The following summer we offered the first course again with Rebekah, Sheila and Sofia, followed by a one week reflection on the Mass, led by Sofia, using Eucharist materials from all three levels, as well as the Gifts and the Plan of God. The following summer the courses moved to St. Paul, Minnesota, CGSUSA was formally formed as a membership organization, a board was elected, and the publication of an annual newsletter, now called “Journal,” began. Three week Level I and II courses were offered in both 1984 and 1985, along with weekend retreats and/or meetings for catechists from Mexico, Canada and the United States.
The National summer courses moved to Toronto for 1986-87. Sofia, Rebekah, Sheila, Maria Christlieb, Patricia Coulter, Carol Dittberner, Betty Hissong, Tina Lillig, Anna Guida, Bert and Marty O’Bryan and I were present as participants, leaders or assistants for many of these first ten courses. After ’87 Sofia considered her work in North America well planted and did not return. Courses began to be held in more than one location during the summer, and eventually they were offered in various formats throughout the year as well.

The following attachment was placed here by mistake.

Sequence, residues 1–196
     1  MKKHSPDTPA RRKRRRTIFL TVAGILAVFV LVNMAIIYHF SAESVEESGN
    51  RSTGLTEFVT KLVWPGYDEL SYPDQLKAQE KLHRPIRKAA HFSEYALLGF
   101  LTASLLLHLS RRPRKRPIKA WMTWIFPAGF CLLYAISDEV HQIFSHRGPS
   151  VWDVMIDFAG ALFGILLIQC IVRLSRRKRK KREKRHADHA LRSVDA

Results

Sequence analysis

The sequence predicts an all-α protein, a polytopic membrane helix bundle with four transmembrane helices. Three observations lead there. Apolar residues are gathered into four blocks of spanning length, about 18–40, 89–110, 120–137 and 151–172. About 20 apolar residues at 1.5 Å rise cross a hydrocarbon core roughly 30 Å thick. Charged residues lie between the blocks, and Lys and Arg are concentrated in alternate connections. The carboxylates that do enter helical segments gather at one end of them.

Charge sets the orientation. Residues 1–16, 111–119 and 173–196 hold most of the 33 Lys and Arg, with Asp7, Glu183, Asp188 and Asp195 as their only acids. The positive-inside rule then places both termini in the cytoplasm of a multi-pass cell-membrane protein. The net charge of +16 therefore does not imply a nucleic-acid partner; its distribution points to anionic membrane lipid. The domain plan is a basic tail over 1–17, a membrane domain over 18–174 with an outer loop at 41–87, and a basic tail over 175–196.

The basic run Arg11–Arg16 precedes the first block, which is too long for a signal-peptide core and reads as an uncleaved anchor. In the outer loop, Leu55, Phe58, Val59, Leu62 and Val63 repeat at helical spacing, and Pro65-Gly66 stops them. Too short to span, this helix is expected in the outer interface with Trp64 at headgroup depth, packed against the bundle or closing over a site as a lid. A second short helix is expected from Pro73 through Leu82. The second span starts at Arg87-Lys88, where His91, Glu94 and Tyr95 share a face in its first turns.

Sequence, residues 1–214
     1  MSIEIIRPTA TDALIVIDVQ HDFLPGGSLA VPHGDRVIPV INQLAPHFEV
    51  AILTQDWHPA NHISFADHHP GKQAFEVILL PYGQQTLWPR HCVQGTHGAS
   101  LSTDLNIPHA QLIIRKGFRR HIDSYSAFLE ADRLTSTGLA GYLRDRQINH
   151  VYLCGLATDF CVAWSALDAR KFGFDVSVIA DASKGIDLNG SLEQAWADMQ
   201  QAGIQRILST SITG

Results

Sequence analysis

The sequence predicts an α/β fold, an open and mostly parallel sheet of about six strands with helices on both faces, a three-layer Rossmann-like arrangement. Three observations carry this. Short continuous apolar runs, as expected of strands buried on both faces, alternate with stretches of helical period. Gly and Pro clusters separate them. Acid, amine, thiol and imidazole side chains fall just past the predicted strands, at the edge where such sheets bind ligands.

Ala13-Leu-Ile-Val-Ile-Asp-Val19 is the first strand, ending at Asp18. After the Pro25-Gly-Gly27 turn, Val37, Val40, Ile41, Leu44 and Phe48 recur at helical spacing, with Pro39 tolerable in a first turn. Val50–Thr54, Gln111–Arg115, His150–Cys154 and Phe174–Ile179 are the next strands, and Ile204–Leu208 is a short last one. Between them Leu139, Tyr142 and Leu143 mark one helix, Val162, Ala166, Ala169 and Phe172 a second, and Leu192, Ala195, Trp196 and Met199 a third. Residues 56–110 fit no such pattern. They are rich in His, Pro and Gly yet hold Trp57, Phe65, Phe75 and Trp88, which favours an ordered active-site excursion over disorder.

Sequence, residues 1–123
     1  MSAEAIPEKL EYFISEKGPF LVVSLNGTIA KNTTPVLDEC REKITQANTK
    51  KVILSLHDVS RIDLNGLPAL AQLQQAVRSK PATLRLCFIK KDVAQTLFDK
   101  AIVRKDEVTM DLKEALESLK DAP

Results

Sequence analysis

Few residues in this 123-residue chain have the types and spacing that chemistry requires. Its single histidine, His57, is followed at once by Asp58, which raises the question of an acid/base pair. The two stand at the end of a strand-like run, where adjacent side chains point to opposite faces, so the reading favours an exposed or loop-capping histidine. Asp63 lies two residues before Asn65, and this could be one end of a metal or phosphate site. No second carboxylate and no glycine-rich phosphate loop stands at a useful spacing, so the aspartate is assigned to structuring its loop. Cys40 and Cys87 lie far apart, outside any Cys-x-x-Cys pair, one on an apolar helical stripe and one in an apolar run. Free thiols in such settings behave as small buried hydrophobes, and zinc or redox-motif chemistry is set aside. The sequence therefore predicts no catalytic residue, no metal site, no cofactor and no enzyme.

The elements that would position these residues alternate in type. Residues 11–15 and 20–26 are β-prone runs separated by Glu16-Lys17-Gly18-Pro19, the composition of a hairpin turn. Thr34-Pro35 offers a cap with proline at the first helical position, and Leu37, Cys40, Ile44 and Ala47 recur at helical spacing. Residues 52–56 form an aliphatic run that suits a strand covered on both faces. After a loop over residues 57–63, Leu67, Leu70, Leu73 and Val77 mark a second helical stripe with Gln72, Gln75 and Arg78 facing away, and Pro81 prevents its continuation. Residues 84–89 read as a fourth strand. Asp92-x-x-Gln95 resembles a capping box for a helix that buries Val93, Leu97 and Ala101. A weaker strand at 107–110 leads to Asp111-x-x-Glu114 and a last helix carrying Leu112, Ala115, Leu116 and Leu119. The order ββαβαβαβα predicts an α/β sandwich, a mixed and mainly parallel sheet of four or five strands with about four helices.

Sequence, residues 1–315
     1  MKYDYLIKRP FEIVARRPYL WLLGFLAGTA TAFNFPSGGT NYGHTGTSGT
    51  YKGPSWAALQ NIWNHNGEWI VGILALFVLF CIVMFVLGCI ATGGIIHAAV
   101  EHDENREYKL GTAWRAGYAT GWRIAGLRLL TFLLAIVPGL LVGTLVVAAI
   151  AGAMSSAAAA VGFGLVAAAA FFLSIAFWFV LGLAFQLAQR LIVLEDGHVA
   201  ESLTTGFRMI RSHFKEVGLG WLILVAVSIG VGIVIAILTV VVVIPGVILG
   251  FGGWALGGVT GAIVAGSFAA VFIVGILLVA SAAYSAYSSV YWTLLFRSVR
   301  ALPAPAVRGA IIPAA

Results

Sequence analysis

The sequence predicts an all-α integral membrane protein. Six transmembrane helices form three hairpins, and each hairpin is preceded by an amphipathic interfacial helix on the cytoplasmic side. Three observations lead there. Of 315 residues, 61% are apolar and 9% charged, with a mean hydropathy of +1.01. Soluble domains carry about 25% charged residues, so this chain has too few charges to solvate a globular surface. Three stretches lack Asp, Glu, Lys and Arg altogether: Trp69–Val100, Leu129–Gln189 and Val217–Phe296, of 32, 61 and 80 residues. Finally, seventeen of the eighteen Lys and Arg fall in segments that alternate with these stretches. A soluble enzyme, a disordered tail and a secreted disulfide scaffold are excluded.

Teams were crucial to these early courses. The American catechists had limited experience, Sofia’s “course” books were not yet published and Sofia’s energy for leading a course of 20 or more people was limited. In addition, CGS was so new to us we could offer little help to one another as participants.
During these years, though the team members were all working hard, it was clear that when Sofia was in the room she was the professor. She offered marvelous morning lectures, referencing a few notes, children’s art, and her Hebrew and Greek Scriptures. Our arms were falling off in an effort to write down everything she said, and we certainly didn’t want to waste a moment of her time with us listening to anyone but her.
It was while Sofia was taking her meals and rest without us that we all became part of the team. Along with course work, our time together was used to establish CGSUSA, “incubate” formation leaders, make and re-make materials from photos and measurements, practice with materials, write album pages, find and learn appropriate songs, plan and celebrate daily Mass, and help each other as we planned to open atriums at home. We were fortunate to have among us theologians, clergy, Montessorians, artists, musicians, material makers, shoppers, drivers, writers, and organizers that were happy to share the load. The days and nights were demanding and exhilarating.